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The Role Nuclear-Related Techniques Play in Fighting Zoonotic Diseases

ZODIAC will establish a global network to help national laboratories in monitoring, surveillance, early detection and control of animal and zoonotic diseases such as COVID-19 and Ebola. (Photo: D. Calma/IAEA)

Nuclear-derived techniques, such as tests using real time reverse transcription–polymerase chain reaction (RT-PCR), are important tools in the detection and characterization of viruses. The IAEA is providing emergency assistance to some 120 countries in the use of such tests to rapidly detect COVID-19.

The global COVID-19 pandemic has been a harsh reminder of the age-old

threat posed by zoonoses or zoonotic diseases, infectious diseases transmitted from animals to humans. Sixty percent of human pathogens come from animals, while 75% of new, emerging and re-emerging diseases are zoonotic. Globally, it is estimated that every year, around 2.6 billion people suffer from zoonotic illnesses and around 2.7 million succumb to these.

“The COVID-19 global pandemic hit the world unprepared and has shown us all the damaging impact zoonotic diseases can have,” said Najat Mokhtar, Deputy Director General at the International Atomic Energy Agency (IAEA). “By continuing to strengthen scientific R&D on zoonotic pathogens, including with nuclear and nuclear-derived techniques, at the environment-animal-human interface, we can pre-empt these diseases and better protect human health and world economies in the future.”

In June 2020, the IAEA launched the ZODIAC, or ZOonotic Disease Integrated ACtion, initiative in light of the COVID-19 pandemic, as a way to further strengthen countries’ capabilities for early detection, diagnosis, prevention and control of zoonotic disease outbreaks. The initiative is designed as an integrated approach across sectors and disciplines, for addressing new and existing zoonotic pathogens. ZODIAC aims to help countries prepare for, pre-empt and prevent zoonotic disease outbreaks, as well as protect the wellbeing, livelihood and socio-economic status of billions of people worldwide and integrates emergency assistance measures, including a response team.

ZODIAC is part of the IAEA’s support in combatting COVID-19, through its applied research and development laboratories, its collaboration with and coordination of networks of laboratories worldwide and its technology and knowledge transfer through technical cooperation and coordinated research projects.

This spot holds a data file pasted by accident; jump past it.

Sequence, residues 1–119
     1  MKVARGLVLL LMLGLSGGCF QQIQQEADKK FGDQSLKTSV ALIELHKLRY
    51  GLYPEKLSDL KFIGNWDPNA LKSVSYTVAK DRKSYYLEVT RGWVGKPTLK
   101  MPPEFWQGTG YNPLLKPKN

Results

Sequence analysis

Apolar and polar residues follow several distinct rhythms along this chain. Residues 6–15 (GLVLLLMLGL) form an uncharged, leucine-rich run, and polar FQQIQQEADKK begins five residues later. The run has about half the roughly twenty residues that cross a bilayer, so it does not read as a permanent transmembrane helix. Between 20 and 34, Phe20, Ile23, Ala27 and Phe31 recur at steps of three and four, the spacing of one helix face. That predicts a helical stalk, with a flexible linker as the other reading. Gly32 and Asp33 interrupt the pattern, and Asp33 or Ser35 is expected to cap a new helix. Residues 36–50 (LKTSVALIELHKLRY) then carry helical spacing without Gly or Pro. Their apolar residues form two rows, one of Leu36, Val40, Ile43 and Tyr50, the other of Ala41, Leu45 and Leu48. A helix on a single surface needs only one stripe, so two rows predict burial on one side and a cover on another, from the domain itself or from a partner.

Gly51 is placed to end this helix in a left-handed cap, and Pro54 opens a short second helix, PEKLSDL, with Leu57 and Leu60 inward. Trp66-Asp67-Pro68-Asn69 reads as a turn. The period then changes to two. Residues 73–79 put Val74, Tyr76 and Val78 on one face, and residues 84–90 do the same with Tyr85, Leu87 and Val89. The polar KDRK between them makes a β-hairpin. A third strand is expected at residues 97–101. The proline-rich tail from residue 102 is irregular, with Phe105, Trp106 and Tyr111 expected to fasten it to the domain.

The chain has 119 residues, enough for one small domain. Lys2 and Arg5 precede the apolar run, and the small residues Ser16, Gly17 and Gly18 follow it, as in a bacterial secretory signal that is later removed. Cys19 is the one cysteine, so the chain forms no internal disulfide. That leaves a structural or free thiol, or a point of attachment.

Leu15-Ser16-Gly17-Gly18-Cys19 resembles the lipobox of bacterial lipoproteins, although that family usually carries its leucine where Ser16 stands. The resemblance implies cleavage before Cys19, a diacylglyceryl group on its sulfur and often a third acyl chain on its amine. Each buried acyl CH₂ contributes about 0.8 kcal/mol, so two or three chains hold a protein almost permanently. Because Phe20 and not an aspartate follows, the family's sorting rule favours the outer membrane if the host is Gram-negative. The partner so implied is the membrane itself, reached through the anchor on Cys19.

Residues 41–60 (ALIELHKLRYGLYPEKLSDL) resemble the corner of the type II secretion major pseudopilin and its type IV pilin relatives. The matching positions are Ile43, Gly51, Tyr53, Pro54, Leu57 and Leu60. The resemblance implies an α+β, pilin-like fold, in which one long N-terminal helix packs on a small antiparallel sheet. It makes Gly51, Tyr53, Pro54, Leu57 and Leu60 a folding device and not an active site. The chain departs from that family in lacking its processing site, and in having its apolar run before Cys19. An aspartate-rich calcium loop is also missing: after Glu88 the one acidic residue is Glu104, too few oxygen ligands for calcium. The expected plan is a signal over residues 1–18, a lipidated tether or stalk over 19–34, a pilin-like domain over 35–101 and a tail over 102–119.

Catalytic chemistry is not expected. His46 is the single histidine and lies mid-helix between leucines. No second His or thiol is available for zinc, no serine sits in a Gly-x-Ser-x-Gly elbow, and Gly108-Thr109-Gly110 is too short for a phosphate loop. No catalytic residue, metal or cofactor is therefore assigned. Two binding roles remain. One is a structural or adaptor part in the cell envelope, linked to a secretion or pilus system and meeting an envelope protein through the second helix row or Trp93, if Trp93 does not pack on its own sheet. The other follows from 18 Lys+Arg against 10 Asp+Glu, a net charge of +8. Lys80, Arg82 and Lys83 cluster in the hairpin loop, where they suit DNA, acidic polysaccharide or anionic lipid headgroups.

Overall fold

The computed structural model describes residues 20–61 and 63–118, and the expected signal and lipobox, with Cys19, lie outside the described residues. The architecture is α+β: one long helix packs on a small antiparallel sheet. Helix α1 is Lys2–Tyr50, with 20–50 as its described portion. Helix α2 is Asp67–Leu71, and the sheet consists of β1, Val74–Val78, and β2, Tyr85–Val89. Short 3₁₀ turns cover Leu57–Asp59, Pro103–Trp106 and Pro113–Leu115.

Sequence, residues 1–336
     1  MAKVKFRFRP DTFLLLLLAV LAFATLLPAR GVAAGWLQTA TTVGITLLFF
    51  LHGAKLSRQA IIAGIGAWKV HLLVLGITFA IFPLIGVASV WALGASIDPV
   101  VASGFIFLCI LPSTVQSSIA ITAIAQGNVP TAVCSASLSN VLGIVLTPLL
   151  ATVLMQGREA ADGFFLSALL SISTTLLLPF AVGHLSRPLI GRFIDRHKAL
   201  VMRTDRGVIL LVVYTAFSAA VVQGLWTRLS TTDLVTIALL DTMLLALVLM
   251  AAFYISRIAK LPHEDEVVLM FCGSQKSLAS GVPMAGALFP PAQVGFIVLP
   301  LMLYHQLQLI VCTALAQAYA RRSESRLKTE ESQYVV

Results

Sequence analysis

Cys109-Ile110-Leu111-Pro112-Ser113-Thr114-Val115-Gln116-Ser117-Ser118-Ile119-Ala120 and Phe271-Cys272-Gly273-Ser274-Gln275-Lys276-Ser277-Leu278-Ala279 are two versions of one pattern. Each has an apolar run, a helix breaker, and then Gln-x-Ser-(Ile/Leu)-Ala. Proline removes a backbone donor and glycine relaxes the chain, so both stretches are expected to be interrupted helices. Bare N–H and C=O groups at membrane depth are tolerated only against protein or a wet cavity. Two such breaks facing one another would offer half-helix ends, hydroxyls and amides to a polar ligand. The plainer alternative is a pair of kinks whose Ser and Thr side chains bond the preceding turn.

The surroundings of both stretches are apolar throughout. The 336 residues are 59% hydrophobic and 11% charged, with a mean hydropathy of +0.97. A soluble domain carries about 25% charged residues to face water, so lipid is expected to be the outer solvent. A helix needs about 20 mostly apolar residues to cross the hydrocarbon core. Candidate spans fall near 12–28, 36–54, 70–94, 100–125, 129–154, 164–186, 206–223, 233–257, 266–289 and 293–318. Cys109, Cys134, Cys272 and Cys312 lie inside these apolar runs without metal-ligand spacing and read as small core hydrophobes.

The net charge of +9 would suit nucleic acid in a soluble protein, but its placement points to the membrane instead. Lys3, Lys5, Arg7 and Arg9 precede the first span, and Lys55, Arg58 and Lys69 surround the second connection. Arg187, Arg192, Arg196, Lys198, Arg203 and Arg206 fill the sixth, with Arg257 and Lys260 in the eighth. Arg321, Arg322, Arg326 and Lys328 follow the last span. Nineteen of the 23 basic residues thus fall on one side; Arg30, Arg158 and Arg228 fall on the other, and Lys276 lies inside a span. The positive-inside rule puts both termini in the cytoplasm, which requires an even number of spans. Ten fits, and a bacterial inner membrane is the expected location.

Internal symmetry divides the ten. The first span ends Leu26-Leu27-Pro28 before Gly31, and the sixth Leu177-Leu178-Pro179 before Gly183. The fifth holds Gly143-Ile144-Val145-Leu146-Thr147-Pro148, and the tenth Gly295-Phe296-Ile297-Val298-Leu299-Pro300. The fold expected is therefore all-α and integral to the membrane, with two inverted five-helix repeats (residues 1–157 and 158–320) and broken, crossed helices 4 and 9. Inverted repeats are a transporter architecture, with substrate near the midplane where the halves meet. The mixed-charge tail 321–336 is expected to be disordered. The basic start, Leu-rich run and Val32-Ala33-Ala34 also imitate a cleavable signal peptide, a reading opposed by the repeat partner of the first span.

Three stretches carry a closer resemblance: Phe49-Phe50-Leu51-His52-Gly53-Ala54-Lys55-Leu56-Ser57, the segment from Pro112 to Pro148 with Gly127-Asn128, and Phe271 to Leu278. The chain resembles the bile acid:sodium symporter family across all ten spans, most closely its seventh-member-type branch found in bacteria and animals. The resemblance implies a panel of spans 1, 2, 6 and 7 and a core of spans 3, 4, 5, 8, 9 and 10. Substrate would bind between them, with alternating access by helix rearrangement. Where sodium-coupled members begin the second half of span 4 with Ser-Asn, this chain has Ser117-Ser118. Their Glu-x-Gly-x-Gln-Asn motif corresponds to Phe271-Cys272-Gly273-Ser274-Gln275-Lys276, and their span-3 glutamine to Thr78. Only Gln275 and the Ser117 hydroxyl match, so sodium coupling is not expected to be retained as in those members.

The IAEA, in cooperation with the FAO, coordinates the VETLAB Networks in Africa and Asia. The VETLAB network assists Member States to improve national laboratory capacities to early detect and control transboundary animal and zoonotic diseases threatening livestock and public health, including among others peste des petits ruminants, African swine fever, highly pathogenic avian influenza, Ebola, Rift Valley fever and lumpy skin disease. The networks comprise national laboratories that provide countries with support in detecting and controlling animal and zoonotic diseases and share experience and best practices. ZODIAC aims to create a global network on the basis of the regional ones.

“About 70 per cent of all diseases in humans come from animals,” said Gerrit Viljoen, Head of the Animal Production and Health Section of the Joint FAO/IAEA Programme for Nuclear Techniques in Food and Agriculture.

ZODIAC aims to help veterinary and public health officials identify these diseases before they spread. “We have seen an increase in the number of zoonotic epidemics in the last decades: first Ebola, then Zika, and now COVID-19. It’s important to monitor what is in the animal kingdom – both wildlife and livestock – and to act quickly on those findings before the pathogens jump to humans,” Mr Viljoen said.

Following the One Health concept for a multidisciplinary collaborative approach between human and animal health authorities and specialists, ZODIAC will benefit from the unique joint FAO/IAEA laboratories and from partners such as the World Health Organization (WHO) and the World Organisation for Animal Health (OIE).

“We have a unique capacity to provide laboratory support and guidance to countries,” said Mr Viljoen, adding that ZODIAC will, for example, provide technical know-how and advice to laboratories on test performance and assist authorities in the interpretation of results and in devising containment measures.

ZODIAC will also support R&D activities for novel technologies and methodologies for early detection and surveillance. Under the project, the IAEA will enhance its capacities to host scientists and fellows from Member States at its Seibersdorf laboratories outside Vienna and to carry out research on immunological, molecular, nuclear and isotopic tests, as well as in the use of irradiation to develop vaccines against diseases such as avian influenza. 

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